Nashville’s Johnny Beazley, St. Louis Cardinals World Series Hero

Thirty-one years ago today, on April 21, 1990, Johnny Beazley passed away from cancer at the age of 71. Born in Nashville on May 25, 1918, he was a four-year letterman at Hume-Fogg High School, and after four seasons of minor league ball, he broke into the majors with St. Louis in 1941, pitching in one game.

As a rookie in 1942, Beazley was 21-6 with a 2.13 ERA for the Cardinals, and pitched two complete-game wins, allowing only five earned runs, against the New York Yankees in the World Series.

He enlisted in the Air Force after the season, and hurt his arm while pitching for an Army team. In 1946, he attempted to regain his pitching form with St. Louis but won only nine games the rest of his career.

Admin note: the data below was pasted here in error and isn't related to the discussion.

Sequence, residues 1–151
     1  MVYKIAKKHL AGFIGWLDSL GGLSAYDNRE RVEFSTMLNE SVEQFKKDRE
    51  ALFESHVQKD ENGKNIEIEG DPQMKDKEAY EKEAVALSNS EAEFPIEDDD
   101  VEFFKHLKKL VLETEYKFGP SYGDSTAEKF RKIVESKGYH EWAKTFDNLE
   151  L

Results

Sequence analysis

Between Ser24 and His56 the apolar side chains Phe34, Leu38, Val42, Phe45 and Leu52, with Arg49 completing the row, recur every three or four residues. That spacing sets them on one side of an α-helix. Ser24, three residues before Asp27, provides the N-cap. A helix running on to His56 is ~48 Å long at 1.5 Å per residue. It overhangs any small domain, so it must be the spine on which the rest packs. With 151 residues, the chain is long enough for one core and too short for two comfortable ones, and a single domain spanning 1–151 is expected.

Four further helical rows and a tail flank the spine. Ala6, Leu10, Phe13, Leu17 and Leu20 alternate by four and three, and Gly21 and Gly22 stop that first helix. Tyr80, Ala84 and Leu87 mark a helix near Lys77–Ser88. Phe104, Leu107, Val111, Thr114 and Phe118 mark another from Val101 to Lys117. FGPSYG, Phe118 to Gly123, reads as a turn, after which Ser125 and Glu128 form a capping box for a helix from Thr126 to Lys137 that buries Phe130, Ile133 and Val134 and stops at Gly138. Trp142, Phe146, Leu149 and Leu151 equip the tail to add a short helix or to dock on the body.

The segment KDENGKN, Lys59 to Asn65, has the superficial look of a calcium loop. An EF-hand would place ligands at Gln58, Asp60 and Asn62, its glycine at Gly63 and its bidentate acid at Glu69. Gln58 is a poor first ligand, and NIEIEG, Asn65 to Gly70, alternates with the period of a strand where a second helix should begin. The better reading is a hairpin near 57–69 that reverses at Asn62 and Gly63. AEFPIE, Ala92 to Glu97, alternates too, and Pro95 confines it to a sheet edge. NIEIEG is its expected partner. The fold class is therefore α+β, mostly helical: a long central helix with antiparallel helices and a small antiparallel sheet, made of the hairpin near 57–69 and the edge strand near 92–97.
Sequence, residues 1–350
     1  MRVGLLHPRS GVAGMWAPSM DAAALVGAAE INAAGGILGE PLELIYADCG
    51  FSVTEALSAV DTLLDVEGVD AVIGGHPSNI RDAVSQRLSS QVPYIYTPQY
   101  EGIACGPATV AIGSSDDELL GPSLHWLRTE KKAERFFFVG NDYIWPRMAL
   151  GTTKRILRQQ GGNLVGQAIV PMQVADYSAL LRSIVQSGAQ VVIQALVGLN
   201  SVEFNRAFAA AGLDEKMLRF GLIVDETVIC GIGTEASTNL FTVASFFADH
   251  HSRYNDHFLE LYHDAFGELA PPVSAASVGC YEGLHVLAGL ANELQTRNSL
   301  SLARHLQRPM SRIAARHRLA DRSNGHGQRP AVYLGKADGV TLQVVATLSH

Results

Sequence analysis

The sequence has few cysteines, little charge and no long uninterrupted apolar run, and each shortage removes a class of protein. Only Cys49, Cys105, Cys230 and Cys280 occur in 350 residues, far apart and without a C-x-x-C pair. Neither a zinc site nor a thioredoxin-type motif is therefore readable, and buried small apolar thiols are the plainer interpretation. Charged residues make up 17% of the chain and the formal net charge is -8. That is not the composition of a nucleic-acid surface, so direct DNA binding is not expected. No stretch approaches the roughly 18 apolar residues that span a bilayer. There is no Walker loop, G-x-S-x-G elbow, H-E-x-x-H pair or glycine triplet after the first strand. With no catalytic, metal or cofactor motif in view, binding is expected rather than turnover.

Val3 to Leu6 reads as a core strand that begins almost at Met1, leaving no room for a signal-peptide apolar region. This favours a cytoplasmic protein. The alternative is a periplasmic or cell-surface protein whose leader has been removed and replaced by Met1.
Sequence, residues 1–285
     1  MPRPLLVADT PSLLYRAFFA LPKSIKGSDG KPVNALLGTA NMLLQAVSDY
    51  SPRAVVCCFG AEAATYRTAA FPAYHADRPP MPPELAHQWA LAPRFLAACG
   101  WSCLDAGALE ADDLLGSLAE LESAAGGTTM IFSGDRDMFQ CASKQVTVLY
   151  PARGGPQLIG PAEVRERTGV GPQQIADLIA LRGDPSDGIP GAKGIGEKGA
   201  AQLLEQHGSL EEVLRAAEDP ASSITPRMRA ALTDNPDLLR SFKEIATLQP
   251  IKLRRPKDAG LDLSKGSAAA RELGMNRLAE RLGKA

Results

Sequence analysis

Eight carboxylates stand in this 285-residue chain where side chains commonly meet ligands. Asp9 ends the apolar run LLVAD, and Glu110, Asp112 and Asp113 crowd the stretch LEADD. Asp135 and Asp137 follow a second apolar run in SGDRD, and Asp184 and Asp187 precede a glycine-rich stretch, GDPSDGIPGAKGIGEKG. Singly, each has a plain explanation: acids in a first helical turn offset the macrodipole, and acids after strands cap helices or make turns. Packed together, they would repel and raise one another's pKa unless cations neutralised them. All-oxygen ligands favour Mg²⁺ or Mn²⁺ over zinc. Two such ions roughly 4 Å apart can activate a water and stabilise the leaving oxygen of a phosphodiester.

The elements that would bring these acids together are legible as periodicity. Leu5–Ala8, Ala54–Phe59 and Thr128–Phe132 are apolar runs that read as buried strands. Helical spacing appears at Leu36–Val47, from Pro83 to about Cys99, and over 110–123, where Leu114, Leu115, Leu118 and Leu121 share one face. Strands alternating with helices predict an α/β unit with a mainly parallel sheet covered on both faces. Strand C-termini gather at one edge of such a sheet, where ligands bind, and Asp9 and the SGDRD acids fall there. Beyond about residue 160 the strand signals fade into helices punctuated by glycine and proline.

“Johnny (Beazley) had everything to be a great pitcher. He had confidence, courage, control, a good fastball and a good curve. If he hadn’t hurt his arm, he would have had many, many big years.” – Stan Musial in The Man’s Own Story (Musial & Broeg, 1964).

Beazley played for the Nashville Vols briefly in 1949 and retired in 1951. When he returned to his hometown of Nashville, he played in amateur leagues and opened a local beer distributing business.

He served  on the Metropolitan Nashville Council from 1974 to 1976. He was inducted into the Tennessee Sports Hall of Fame in 1977, and in 2005 was elected to the Metropolitan Nashville Public Schools Sports Hall of Fame. He died at his home and was buried at Mt. Olivet Cemetery in Nashville.


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